Aileen Reid finishes triathlon in highly credible 21st place
Gwen Jorgensen eases to victory - Nicola Spring takes silver ahead of Vicky Holland
Ireland’s Aileen Reid finishes in 21st position. Photograph: Morgan Treacy/Inpho
Four years after the closest finish in Olympic triathlon history - Rio de Janeiro has just witnessed the most convincing.
Gwen Jorgensen, the 30 year-old American and already utterly dominant in the event, controlled the run as expected, breaking clear towards the end of the 10km run to win by 40 seconds from Nicola Spirig from Switzerland - the gold medal winner in London four years ago.
Ireland’s Aileen Reid finished a highly credible 21st in the 55-woman just under five minutes back, after making up some considerable ground over the 10km run: more importantly it brought some redemption for the 34 year-old Derry woman, who crashed twice off her bike in London four years ago, and ended up 43rd.
In that race, in 2012, Spirig was given the gold medal after a photo finish with Lisa Norden from Sweden, who ended up 16th here: Spirig did manage to stay with Jorgensen for the first three of the four-lap running loop, before the American put her foot down, breaking the Swiss woman in a near instant.
Ran under cloudy conditions the course was no less testing, nor indeed spectacular - starting and finishing alongside Copacabana Fort, with a tough bike loop in the hilly surrounding terrain. Still, Jorgensen’s time of 1:56:16 was impressive, Spirig taking silver in 1:56:56.
Reid was placed 31st after the swim, 18 seconds behind the lead pack: after losing a little more ground on the bike ride, reaching transition two in 36th, she then blasted one of the fastest opening laps, the 12th best of the entire field over the first 2.5km, and with that moved into 28th. She continued to pass runners all the way to the line, clearly throwing everything at it as she crossed the line, finishing in 2:01:14.
She covered the 10km run in 35:48, the ninth fastest of all, a brilliant way to finish off her race.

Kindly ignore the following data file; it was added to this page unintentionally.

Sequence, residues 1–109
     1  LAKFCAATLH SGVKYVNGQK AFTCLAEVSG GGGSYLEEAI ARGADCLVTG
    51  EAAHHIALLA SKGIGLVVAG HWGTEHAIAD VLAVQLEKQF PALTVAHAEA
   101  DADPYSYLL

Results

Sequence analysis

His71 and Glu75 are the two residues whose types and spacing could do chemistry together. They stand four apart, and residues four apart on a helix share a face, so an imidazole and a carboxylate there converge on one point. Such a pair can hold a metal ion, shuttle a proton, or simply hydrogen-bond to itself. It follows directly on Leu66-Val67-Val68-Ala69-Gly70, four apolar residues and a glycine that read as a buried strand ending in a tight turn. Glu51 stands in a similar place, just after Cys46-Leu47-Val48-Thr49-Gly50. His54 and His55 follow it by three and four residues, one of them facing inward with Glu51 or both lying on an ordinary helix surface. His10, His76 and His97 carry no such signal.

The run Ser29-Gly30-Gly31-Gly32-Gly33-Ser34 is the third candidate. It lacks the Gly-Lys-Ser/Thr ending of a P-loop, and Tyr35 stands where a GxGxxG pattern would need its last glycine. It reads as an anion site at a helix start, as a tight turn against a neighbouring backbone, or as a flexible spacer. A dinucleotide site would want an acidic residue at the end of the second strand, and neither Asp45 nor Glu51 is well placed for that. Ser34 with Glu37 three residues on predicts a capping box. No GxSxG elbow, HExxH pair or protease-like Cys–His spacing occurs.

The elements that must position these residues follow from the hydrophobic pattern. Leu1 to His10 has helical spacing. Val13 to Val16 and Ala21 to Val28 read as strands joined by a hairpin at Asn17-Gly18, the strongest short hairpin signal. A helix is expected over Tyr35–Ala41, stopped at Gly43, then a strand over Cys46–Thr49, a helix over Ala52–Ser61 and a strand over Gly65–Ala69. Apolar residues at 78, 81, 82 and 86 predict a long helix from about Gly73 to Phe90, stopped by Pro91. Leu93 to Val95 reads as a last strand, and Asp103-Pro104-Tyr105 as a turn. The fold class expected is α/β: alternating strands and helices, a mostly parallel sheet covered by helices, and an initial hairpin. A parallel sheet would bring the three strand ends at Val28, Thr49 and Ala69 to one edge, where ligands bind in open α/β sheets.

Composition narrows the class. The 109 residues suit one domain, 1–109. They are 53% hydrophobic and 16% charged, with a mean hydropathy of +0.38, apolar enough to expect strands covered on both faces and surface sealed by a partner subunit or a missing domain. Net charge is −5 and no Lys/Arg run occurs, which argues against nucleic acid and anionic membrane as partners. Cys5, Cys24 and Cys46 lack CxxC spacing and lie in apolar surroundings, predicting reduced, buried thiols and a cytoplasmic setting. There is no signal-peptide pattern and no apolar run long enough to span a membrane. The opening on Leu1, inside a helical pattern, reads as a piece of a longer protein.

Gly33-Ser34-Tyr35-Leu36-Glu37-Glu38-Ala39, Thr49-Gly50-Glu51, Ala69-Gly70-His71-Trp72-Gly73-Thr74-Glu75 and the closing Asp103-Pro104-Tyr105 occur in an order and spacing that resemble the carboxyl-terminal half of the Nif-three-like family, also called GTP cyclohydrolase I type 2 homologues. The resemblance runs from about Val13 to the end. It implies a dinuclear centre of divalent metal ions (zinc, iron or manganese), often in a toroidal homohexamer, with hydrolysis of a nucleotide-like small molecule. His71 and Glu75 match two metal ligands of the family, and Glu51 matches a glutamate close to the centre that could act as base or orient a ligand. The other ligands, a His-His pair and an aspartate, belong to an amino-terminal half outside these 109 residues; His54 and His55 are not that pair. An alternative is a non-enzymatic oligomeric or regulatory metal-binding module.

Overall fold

The race for bronze was a lot more exciting, as the British pair of Non Stanford and Vicky Holland battled it out over the 10km run: close friends, housemates and training partners, Holland managed to break clear just before the line, grabbing bronze in 1:57:01, just three seconds ahead of Stanford.
“We have always said that the advantage we have going into races is that we know each other so well,” said Holland. “We are our own little team. We know everything about each other, and we know we will help each other. But we also know when it comes to the run, it is a race. And then it is about who gets to the line first, not, ‘I am not going to run this pace because it will be better for Non’. We are absolutely racing other.”
Jorgensen, meanwhile, looked utterly imperious: a flat tire ruined her chances in London 2012, and she finished 38th, yet she has dominated the last three years, two years undefeated in the World Triathlon series, while also winning the Rio test event title in 2015.
Few women are faster on their feet than Jorgensen, and so it proved here.
Picked up in US Triathlon’s collegiate recruitment program, Jorgensen’s ill-luck in London didn’t put her off, and instead she has gone on an incredible 13-race winning streak.
Spirig’s journey since her London gold medal has been also unique, she’s given birth to her first child (with fellow Olympic triathlete husband Reto Hug), and then returned to racing.
She appeared no less happy with silver on this occasion, nor indeed should she.